Mot­shekga takes con­trol of three prov­inces

CityPress - - News - SIPHO MA­SONDO sipho.ma­sondo@city­press.co.za

Ba­sic Ed­u­ca­tion Min­is­ter Angie Mot­shekga is send­ing teams of ex­perts to three prov­inces fol­low­ing con­tin­ued poor ma­tric re­sults, bad cur­ricu­lum de­liv­ery and “weak ad­min­is­tra­tion”, which in­cludes fi­nan­cial mis­man­age­ment.

In an at­tempt to save the pro­vin­cial de­part­ments in the Eastern Cape, KwaZu­luNatal and Lim­popo, Mot­shekga re­solved to dis­patch the ex­perts from the be­gin­ning of next month, City Press has learnt.

The depart­ment in the Eastern Cape is still partly un­der ad­min­is­tra­tion fol­low­ing Cabi­net’s 2011 de­ci­sion to in­voke sec­tion 100 1(B) of the Con­sti­tu­tion – which al­lows for the takeover of some func­tions of a depart­ment. Lim­popo was also un­der com­plete ad­min­is­tra­tion be­tween De­cem­ber 2011 and Jan­uary 2015.

KwaZulu-Na­tal has not been un­der ad­min­is­tra­tion, but poor fi­nan­cial man­age­ment, which has led to sev­eral mul­ti­mil­lion-rand bailouts in re­cent years, has caused the depart­ment to col­lapse. On Fri­day, a se­nior bu­reau­crat in Mot­shekga’s of­fice, who spoke on con­di­tion of anonymity, told City Press “the of­fi­cials have been sourced from dif­fer­ent prov­inces. All of them are ex­perts in their fields. They will get a proper brief from the min­is­ter be­fore they leave. “But gen­er­ally they will help with the ad­min­is­tra­tion in those prov­inces.” The team go­ing to the Eastern Cape will have to help with the re­struc­tur­ing of the depart­ment. “We are cut­ting down the num­ber of dis­tricts from 23 to 12, and there are very sen­si­tive HR im­pli­ca­tions. “They must also help us ra­tio­nalise schools.” The Eastern Cape had the low­est ma­tric pass rate, at 56.8%, last year. The depart­ment has been un­der ad­min­is­tra­tion at least three times since 1999 and has seen at least 19 heads and nine MECs in 22 years of democ­racy. Mud schools and pupils learn­ing un­der trees are still a com­mon fea­ture in the prov­ince, which early this year re­turned R530 mil­lion to Trea­sury for fail­ing to build schools.

Sin­dis­ile Zamisa, the pro­vin­cial SA Demo­cratic Teach­ers’ Union (Sadtu) ad­min­is­tra­tor, said: “We have heard that, and it seems to be kept a se­cret. I got con­fir­ma­tion from a se­nior of­fi­cial in the depart­ment. Our view is that we don’t think this thing will work. We don’t have a depart­ment, it has col­lapsed com­pletely. We need a com­plete over­haul of the depart­ment.”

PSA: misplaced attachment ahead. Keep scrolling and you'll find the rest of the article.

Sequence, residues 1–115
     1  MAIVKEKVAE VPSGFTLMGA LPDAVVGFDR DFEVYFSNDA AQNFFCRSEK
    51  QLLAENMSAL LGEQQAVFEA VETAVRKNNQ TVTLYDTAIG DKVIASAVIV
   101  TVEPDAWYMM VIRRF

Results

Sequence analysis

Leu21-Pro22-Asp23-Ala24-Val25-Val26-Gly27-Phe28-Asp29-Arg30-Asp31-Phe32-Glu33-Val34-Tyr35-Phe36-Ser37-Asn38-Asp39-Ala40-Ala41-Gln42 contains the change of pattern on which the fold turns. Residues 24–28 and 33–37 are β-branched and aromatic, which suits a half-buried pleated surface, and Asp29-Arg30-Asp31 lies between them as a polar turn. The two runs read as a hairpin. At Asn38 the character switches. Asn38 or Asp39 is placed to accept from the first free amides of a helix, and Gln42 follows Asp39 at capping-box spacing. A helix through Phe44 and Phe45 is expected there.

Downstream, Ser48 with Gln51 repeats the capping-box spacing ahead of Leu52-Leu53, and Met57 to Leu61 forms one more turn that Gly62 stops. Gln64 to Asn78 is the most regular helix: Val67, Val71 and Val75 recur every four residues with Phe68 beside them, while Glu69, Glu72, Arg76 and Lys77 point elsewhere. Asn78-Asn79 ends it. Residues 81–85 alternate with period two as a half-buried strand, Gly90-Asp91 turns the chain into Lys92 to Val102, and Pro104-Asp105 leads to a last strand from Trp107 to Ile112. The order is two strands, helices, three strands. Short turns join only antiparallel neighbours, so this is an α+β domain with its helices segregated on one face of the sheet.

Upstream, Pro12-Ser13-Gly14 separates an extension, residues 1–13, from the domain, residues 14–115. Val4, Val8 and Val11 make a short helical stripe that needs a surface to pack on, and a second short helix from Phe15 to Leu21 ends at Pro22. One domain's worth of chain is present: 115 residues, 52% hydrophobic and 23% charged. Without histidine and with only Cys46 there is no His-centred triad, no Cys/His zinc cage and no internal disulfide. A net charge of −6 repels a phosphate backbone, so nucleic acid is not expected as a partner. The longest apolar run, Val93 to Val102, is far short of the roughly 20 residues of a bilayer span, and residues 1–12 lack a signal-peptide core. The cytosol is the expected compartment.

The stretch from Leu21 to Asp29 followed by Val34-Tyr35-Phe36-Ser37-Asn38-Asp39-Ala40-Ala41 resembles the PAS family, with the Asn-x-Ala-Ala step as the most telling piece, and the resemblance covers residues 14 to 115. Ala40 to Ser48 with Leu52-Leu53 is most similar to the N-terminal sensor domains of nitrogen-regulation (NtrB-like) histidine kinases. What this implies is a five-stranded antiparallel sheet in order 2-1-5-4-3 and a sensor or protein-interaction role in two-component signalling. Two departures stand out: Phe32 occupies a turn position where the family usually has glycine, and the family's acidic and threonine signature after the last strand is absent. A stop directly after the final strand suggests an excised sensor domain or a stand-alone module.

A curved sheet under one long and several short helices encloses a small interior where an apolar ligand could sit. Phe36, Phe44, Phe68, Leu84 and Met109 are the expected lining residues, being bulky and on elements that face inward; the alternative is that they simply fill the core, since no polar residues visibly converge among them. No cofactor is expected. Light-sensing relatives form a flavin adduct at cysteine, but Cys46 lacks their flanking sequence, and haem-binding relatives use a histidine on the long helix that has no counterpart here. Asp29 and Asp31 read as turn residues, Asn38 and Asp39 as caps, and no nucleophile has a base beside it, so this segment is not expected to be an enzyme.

In KwaZulu-Na­tal, the ed­u­ca­tion depart­ment has equally col­lapsed. In Jan­uary City Press re­ported that the depart­ment was broke and se­nior bu­reau­crats were call­ing for it to be placed un­der ad­min­is­tra­tion. An ex­pen­di­ture re­port for the first six months of the 2015/16 fi­nan­cial year, which ended in Septem­ber last year, re­vealed Na­tional Trea­sury and pro­vin­cial trea­sury had to bail the depart­ment out with R908 mil­lion. Much of the money, the re­port re­vealed, was spent on salaries and ad­min­is­tra­tion. More­over, the re­port showed that close to R1 bil­lion meant for in­fra­struc­ture had been used to pay salaries. The sup­ply of food to schools had also been er­ratic, with thou­sands of pupils forced to forgo their meals for months.

In Fe­bru­ary, the depart­ment’s for­mer head Nkosi­nathi Sishi an­nounced he would freeze the salaries of 4 000 ghost teach­ers who were cost­ing the depart­ment mil­lions. The prov­ince also recorded a dis­mal ma­tric per­for­mance. Last year it ob­tained a 60.7% pass rate, down from 69.7% in 2014, and 77.4% in 2013.

Five years ago, govern­ment placed the Lim­popo ed­u­ca­tion depart­ment, along­side four oth­ers, un­der ad­min­is­tra­tion fol­low­ing mas­sive cor­rup­tion that ren­dered part of govern­ment tech­ni­cally bank­rupt.

The fol­low­ing year, in 2012, the depart­ment bun­gled a mul­ti­mil­lion-rand con­tract that re­sulted in the fail­ure to de­liver text­books to hun­dreds of thou­sands of pupils. The ad­min­is­tra­tion was even­tu­ally lifted early last year, but the depart­ment is strug­gling to re­cover. The three de­part­ments are also among the six that the jobs-for-cash re­port found had been cap­tured by Sadtu.

BRING­ING IN EX­PERTS Angie Mot­shekga

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